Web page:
Fauvism between 1901 and 1906
Between 1901 and 1906, several comprehensive exhibitions were held in Paris, making the work of Vincent van Gogh, Paul Gauguin, and Paul Cézanne widely accessible for the first time. For the painters who saw the achievements of these great artists, the effect was one of liberation and they began to experiment with radical new styles. Fauvism was the first movement of this modern period, in which color ruled supreme.
The advent of Modernism if often dated by the appearance of the Fauves in Paris at the Salon d'Automne in 1905. Their style of painting, using non-naturalistic colors, was one of the first avant-garde developments in European art. They greatly admired van Gogh, who said of his own work: ``Instead of trying to render what I see before me, I use color in a completely arbitrary way to express myself powerfully''. The Fauvists carried this idea further, translating their feelings into color with a rough, almost clumsy style. Matisse was a dominant figure in the movement; other Fauvists included Vlaminck, Derain, Marquet, and Rouault. However, they did not form a cohesive group and by 1908 a number of painters had seceded to Cubism.
Fauvism was a short-lived movement, lasting only as long as its originator, Henri Matisse (1869-1954), fought to find the artistic freedom he needed. Matisse had to make color serve his art, rather as Gauguin needed to paint the sand pink to express an emotion. The Fauvists believed absolutely in color as an emotional force. With Matisse and his friends, Maurice de Vlaminck (1876-1958) and André Derain (1880-1954), color lost its descriptive qualities and became luminous, creating light rather than imitating it. They astonished viewers at the 1905 Salon d'Automne: the art critic Louis Vauxcelles saw their bold paintings surrounding a conventional sculpture of a young boy, and remarked that it was like a Donatello ``parmi les fauves'' (among the wild beasts). The painterly freedom of the Fauves and their expressive use of color gave splendid proof of their intelligent study of van Gogh's art. But their art seemed brasher than anything seen before.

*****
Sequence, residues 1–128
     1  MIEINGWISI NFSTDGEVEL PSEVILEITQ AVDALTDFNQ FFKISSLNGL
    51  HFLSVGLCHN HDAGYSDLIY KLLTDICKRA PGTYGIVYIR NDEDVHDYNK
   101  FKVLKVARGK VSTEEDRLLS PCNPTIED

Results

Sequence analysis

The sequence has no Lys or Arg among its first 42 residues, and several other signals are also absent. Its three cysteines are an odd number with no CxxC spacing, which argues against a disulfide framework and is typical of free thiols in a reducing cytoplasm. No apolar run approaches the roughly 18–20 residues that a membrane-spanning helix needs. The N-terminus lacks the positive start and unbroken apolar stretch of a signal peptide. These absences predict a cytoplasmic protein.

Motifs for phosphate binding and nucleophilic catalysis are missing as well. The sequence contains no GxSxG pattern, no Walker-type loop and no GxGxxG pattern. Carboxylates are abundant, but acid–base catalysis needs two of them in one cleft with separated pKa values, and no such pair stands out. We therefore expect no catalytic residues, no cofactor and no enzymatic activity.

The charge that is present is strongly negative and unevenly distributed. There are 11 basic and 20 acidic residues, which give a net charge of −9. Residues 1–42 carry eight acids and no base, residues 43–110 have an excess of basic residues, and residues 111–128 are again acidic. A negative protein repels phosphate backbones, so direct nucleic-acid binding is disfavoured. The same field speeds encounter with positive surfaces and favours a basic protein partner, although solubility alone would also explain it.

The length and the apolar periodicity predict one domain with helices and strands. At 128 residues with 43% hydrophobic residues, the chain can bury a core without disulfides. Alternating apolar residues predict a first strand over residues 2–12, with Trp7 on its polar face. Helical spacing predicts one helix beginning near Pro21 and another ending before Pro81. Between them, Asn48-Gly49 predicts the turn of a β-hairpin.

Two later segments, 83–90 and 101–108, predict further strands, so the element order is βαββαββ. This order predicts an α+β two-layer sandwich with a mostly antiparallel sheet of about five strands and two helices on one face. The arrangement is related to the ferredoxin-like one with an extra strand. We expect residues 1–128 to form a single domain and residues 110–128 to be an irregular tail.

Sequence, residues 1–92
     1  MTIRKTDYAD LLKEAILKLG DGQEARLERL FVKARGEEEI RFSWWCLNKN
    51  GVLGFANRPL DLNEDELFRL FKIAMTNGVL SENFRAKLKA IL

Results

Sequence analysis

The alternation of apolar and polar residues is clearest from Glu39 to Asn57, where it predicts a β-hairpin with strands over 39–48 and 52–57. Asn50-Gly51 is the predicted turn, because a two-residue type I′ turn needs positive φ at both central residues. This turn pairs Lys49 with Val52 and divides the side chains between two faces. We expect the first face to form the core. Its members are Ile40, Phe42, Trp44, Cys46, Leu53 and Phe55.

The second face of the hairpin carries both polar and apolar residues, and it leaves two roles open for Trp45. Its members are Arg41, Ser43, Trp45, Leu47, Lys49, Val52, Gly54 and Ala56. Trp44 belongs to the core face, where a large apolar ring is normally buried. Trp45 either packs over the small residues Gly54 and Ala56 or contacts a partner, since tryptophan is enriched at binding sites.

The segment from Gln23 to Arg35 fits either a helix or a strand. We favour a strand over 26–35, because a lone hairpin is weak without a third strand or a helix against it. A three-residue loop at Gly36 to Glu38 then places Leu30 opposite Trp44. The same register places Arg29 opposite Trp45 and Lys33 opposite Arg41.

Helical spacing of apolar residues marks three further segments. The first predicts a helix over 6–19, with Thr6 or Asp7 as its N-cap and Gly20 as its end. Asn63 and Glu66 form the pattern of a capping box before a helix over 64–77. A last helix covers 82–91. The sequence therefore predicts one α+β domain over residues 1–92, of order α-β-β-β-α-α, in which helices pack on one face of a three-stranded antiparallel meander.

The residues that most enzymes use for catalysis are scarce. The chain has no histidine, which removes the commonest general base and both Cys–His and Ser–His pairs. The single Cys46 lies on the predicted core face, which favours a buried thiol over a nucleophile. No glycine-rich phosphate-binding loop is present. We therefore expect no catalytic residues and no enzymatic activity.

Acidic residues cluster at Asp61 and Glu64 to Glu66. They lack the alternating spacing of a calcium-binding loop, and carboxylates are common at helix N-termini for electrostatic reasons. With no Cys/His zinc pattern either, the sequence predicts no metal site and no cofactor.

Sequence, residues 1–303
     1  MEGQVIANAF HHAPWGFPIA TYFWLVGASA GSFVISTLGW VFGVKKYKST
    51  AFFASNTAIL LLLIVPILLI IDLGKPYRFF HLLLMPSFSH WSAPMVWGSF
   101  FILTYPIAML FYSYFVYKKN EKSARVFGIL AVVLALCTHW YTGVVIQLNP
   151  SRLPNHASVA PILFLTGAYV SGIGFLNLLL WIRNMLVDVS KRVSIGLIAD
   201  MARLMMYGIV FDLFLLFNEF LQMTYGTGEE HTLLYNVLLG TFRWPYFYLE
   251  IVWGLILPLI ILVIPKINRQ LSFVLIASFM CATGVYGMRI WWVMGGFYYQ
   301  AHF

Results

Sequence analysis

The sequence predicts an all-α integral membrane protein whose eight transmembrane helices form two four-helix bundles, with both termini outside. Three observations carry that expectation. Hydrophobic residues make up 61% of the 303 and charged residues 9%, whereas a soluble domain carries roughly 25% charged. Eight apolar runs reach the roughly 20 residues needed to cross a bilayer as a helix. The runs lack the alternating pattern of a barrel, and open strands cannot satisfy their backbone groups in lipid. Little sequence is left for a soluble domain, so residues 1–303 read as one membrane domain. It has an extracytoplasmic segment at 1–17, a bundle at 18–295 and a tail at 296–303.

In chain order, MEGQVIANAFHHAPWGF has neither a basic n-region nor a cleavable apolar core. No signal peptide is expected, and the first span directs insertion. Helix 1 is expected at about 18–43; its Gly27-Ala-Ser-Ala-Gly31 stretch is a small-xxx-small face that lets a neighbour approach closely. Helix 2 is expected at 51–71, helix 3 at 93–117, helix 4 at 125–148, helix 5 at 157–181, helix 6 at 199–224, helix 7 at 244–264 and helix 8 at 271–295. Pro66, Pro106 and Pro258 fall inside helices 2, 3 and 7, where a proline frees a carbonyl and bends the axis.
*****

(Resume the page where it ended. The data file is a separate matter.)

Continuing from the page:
During its brief flourishing, Fauvism had some notable adherents, including Rouault, Dufy, and Braque. Vlaminck had a touch of his internal moods: even if The River (c. 1910; 60 x 73 cm (23 1/2 x 28 3/4 in)) looks at peace, we feel a storm is coming. A self-professed ``primitive'', he ignored the wealth of art in the Louvre, preferring to collect the African masks that became so important to early 20th-century art.
Derain also showed a primitive wildness in his Fauve period-- Charing Cross Bridge (1906; 80 x 100 cm (32 x 39 in)) bestrides a strangely tropical London-- though as he aged he quenched his fire to a classic calm. He shared a studio with Vlaminck for a while and The River and Charing Cross Bridge seem to share a vibrant power: both reveal an unselfconscious use of color and shape, a delight in the sheer patterning of things. This may not be profound art but it does give visual pleasure.